Beware the Big Plunge!

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Posted by Frazier Frankie on January 05, 2003 at 02:31:22:

In Reply to: Mineshaft posted by Trona Joe on January 04, 2003 at 01:38:38:

Interesting story at

14-year-old survives plunge down 25-foot mine shaft
By LINDA SAPPINGTON, Bakersfield Californian correspondent
Saturday January 04, 2003, 08:30:08 PM

RIDGECREST -- A 14-year-old boy survived a 25-foot fall down an abandoned mine shaft near Ridgecrest Saturday while riding his dirt bike in the Spangler Hills off-road vehicle open area. Michael Markel of Fresno said he was cresting a hill at about 20 mph, preparing to jump at the top, when he saw the unprotected mine shaft and attempted to brake. His bike skidded to the side but Markel rolled over the handlebars and fell into the shaft, falling 25 feet before landing on corrugated tin, rocks and wooden two-by-fours, he said. "I was just waiting to hit the bottom," said Michael, recounting his thoughts as he fell down the 5- by 7-foot-wide shaft, narrowly missing a large wooden pole protruding from the hole. "If he had jumped it, he would impaled himself right on it," said Jeff Hannon, one of three Ridgecrest-area United Parcel Service package drivers who helped pull Markel out with a tow strap. The trio had been off-roading in the area, which is 16 miles south of Ridgecrest.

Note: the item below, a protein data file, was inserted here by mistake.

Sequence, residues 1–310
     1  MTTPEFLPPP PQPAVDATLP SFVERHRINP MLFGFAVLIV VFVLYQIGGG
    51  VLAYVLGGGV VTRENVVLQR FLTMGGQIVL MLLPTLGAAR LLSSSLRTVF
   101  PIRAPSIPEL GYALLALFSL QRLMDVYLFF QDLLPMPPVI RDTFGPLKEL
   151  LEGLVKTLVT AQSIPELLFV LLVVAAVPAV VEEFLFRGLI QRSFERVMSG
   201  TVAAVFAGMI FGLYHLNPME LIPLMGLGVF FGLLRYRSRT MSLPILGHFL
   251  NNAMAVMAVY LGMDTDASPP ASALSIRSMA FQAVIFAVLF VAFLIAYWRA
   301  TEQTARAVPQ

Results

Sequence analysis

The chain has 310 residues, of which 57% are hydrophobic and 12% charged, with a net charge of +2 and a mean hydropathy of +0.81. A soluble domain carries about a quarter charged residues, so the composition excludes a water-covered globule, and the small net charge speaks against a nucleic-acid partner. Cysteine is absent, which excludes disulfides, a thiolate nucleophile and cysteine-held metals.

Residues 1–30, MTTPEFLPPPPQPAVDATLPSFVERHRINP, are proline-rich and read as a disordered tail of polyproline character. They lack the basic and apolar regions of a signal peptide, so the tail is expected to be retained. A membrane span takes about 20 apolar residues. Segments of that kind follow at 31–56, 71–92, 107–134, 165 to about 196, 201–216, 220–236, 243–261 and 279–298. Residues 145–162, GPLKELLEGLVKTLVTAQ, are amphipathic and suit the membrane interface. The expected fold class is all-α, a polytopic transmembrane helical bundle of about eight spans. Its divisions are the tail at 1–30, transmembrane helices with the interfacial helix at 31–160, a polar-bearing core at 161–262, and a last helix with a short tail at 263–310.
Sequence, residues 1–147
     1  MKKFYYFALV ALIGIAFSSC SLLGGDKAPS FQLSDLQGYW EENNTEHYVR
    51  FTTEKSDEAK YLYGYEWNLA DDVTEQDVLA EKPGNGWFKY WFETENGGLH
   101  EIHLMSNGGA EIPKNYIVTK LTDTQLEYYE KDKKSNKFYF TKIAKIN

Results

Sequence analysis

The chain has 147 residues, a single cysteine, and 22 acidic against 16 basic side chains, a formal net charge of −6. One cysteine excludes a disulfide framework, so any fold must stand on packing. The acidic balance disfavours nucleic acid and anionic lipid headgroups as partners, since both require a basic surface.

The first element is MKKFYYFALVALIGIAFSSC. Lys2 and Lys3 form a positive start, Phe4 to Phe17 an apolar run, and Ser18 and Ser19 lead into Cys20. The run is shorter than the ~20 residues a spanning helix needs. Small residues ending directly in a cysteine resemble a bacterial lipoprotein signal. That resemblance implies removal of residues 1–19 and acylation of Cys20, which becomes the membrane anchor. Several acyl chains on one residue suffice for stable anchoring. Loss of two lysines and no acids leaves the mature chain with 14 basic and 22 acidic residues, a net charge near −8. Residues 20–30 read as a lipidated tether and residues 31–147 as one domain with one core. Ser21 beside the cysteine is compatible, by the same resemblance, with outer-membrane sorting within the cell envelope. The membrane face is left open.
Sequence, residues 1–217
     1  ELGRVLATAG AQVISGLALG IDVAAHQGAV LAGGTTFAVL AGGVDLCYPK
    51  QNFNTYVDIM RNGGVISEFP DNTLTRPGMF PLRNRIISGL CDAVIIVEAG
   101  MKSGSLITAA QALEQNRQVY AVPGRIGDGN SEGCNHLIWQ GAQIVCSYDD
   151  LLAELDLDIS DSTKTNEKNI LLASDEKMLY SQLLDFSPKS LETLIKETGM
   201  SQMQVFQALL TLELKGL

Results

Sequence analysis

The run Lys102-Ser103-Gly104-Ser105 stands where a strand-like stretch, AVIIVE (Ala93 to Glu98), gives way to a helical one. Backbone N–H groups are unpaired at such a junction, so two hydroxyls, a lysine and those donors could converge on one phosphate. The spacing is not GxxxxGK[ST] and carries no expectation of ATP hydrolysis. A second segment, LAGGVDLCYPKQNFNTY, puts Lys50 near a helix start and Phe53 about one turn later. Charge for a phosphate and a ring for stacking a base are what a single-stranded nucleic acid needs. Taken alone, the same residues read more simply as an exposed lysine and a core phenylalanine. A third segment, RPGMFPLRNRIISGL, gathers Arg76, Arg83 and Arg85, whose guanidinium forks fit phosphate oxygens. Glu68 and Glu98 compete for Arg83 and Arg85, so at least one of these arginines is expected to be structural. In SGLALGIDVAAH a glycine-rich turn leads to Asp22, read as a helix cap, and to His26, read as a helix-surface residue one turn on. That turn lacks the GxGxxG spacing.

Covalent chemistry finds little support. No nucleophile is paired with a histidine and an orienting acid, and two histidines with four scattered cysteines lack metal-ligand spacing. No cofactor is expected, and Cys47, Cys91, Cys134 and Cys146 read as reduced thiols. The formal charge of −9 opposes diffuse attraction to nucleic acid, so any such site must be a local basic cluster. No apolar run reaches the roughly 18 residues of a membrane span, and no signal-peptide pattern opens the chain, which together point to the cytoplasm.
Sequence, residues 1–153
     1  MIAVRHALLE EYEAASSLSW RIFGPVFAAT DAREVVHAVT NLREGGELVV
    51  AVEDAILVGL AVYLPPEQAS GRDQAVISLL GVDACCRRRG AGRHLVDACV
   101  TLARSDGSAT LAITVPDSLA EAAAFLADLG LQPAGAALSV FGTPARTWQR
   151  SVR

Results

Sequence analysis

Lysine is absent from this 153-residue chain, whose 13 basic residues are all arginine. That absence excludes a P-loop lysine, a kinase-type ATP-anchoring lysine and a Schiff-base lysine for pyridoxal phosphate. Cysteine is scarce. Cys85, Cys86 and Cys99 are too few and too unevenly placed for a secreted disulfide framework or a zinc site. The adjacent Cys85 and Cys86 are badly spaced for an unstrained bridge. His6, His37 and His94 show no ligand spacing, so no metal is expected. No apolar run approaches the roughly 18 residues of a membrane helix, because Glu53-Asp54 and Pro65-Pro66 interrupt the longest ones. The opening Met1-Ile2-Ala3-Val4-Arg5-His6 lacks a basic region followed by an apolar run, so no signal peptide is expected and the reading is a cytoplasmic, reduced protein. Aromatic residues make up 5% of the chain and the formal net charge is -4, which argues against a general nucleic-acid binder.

Michael, who received only minor scratches on his arms and stomach, said he was familiar with the Spangler Hills area where he and his father, Jeff Markel, had camped and ridden dirt bikes several times in the past year. But he said he hadn't driven that particular route before. Because he was riding with other dirt bikers, he was rescued quickly, said his father. "Our rules are: Never ride alone, and always wear your helmet," Jeff Markel said.

Although the mine shaft was located in a designated off-road area managed by the federal Bureau of Land Management, it did not have any protective barriers or warning signs, according to Jeff Markel. Bureau of Land Management law enforcement Officer Ed Patrovsky was at the scene to investigate the unprotected shaft.

The incident was the second in the last year in the rugged eastern Kern County desert, a region pockmarked by uncounted thousands of abandoned mine shafts. On May 26, 10-year-old Mark Mercado of Los Angeles was rescued after falling 200 feet down a 300-foot deep mine shaft about 5 miles from the site of Saturday's incident. Mercado was even luckier than Michael. As he flipped into the mine shaft, he dislodged a piece of shoring lumber from the edge of the hole. Wood and boy then plunged for 200 feet. Finally, the lumber wedged into the wall and stopped the boy's fall. He was rescued by the Kern County sheriff's Indian Wells Valley mine rescue team after several harrowing hours perched over the black hole below. He suffered only minor injuries.

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